my laptop's been stolen...am i in trouble?!

  Shipton 11:00 07 Oct 2006
Locked

Last night some oik stole my laptop. Apart from the usual loss of cherished family photos, and wishing I'd archived more work data, i am worried that my identity could now be vulnerable to theft. When I've bought stuff over the net, will my keystrokes be hidden deep within the bowels of the hard drive somewhere waiting for some techno whizz to lift them? Will they lift my details from my cv (or other people's CV's) and do damage? Will they be able to access my mail simply by connecting to the net (i used to auto connect with no passwords into my imap and pop accounts)...please advise this depserate man.

Richard

  Jackcoms 11:06 07 Oct 2006

I think that, unfortunately, the answer to all of your questions is yes.

However, the key stokes one may be a qualified 'yes', particularly if you had the option in IE ticked under Security which says "Do not save encrypted pages to Disk".

Others may know better.

You may want to think about changing your banking passwords, etc as well as your e-mail address.

  STREETWORK 11:06 07 Oct 2006

Notify any credit cards companies about it and your bank. Go to your ISP and get your password for email and internet changed.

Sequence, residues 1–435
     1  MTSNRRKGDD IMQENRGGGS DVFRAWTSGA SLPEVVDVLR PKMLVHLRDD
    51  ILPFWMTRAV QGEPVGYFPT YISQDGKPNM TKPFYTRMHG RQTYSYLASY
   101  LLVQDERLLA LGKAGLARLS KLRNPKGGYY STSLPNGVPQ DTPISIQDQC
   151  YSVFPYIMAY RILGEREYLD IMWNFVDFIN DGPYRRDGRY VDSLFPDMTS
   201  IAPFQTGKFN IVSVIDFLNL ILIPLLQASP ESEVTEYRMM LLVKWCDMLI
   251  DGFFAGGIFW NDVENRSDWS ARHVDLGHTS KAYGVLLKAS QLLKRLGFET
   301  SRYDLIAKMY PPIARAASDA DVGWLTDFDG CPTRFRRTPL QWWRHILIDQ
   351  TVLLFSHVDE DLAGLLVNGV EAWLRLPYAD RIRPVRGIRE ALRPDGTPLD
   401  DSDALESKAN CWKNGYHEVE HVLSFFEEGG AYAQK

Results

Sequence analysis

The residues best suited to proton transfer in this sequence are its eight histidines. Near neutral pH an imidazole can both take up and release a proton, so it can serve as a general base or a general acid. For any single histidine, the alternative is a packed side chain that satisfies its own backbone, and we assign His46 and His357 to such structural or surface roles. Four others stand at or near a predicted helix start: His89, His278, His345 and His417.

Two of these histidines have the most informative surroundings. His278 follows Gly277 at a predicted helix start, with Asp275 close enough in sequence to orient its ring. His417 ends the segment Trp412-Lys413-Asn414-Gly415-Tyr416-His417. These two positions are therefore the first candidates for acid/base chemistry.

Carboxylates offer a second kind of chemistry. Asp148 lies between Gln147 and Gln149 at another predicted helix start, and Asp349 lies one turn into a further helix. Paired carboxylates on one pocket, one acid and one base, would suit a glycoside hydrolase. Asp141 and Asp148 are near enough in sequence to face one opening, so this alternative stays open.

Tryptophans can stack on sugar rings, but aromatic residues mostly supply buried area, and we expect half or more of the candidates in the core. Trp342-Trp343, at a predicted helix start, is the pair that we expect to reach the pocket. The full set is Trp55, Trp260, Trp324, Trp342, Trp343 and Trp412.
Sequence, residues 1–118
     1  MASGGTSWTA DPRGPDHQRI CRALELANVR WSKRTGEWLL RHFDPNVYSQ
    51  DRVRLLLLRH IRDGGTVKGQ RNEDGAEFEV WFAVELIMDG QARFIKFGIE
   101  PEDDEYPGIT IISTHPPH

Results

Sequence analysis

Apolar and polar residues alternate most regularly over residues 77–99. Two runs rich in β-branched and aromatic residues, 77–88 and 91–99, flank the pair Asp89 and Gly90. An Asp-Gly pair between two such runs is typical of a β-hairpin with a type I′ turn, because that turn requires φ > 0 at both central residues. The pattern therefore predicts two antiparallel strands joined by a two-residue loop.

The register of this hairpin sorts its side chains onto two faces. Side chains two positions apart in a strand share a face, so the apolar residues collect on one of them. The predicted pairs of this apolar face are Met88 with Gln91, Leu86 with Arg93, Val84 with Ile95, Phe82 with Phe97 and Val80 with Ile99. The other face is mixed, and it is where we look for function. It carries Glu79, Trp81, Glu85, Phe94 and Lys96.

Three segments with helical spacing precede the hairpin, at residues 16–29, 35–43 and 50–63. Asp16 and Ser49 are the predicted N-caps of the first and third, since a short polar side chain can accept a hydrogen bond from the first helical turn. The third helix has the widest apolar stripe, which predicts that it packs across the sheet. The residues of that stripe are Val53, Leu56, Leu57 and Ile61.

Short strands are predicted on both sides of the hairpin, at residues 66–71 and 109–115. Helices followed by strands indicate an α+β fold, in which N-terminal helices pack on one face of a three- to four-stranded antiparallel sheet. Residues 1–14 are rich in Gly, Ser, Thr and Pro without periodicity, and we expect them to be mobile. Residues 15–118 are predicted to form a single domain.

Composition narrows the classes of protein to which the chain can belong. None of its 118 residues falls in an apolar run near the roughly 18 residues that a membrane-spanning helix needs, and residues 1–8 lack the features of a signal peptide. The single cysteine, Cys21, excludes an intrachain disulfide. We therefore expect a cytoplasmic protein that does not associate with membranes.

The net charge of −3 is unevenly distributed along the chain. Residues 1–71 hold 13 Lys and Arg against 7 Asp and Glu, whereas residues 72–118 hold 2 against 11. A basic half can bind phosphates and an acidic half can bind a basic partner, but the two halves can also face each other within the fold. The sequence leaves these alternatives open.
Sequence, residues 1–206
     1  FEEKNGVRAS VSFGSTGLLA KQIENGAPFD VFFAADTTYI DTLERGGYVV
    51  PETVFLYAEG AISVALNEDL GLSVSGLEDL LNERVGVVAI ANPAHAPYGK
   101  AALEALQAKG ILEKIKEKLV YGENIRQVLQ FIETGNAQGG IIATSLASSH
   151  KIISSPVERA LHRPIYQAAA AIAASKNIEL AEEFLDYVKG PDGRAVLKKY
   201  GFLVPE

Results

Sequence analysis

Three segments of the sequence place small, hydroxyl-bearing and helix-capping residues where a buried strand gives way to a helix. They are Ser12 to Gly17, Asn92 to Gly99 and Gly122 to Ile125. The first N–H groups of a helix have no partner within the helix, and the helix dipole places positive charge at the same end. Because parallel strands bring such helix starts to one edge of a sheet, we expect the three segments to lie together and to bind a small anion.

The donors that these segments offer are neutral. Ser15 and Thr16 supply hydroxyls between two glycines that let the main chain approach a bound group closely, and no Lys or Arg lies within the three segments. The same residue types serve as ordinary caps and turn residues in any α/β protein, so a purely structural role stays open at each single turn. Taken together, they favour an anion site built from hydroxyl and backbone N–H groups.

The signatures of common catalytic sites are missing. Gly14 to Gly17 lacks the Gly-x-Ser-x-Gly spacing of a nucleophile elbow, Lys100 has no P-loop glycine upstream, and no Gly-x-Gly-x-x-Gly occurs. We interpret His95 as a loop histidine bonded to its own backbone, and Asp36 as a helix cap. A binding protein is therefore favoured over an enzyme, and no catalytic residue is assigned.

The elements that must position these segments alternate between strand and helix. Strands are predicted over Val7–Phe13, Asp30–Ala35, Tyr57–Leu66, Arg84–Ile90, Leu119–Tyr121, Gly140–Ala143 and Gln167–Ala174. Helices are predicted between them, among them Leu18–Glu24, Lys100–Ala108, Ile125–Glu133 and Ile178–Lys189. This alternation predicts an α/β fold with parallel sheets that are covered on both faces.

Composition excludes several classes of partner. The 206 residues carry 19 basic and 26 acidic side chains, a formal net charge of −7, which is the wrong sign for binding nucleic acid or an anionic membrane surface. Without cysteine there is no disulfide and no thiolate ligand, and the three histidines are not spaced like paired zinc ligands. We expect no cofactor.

Diemmess 11:24 07 Oct 2006

Your post really stopped me in my tracks.

While it would be wise to do all the things that have been suggested I hope that the new "owner" will want to remove any trace that could lead back to him.

IF ..?..?.. that is so, he may be curious, but will want to set up a new identity a.s.a.p. and wipe all your traceable stuff away.

It all depends on the thief and the eventual user.

May you be lucky from here on.

  Pineman100 11:31 07 Oct 2006

As others have said, you are definitely at risk of all the problems that you have outlined.

However, they are not inevitable. It all depends on the motives of the thief, and the level of skill of the final receiver of your laptop.

If the thief just stole it to sell on, he probably won't be interested in your data.

If the final receiver just wants a laptop for his own use, the same may apply.

However, you can't afford to assume that either of these will be the case. The advice you've been given by Jackcoms and Streetwork is good, and you should follow it meticulously.

Set about systematically changing any and all account details, passwords, etc. that might be at risk. And you might want to warn those people whose email addresses were in your Contacts list.

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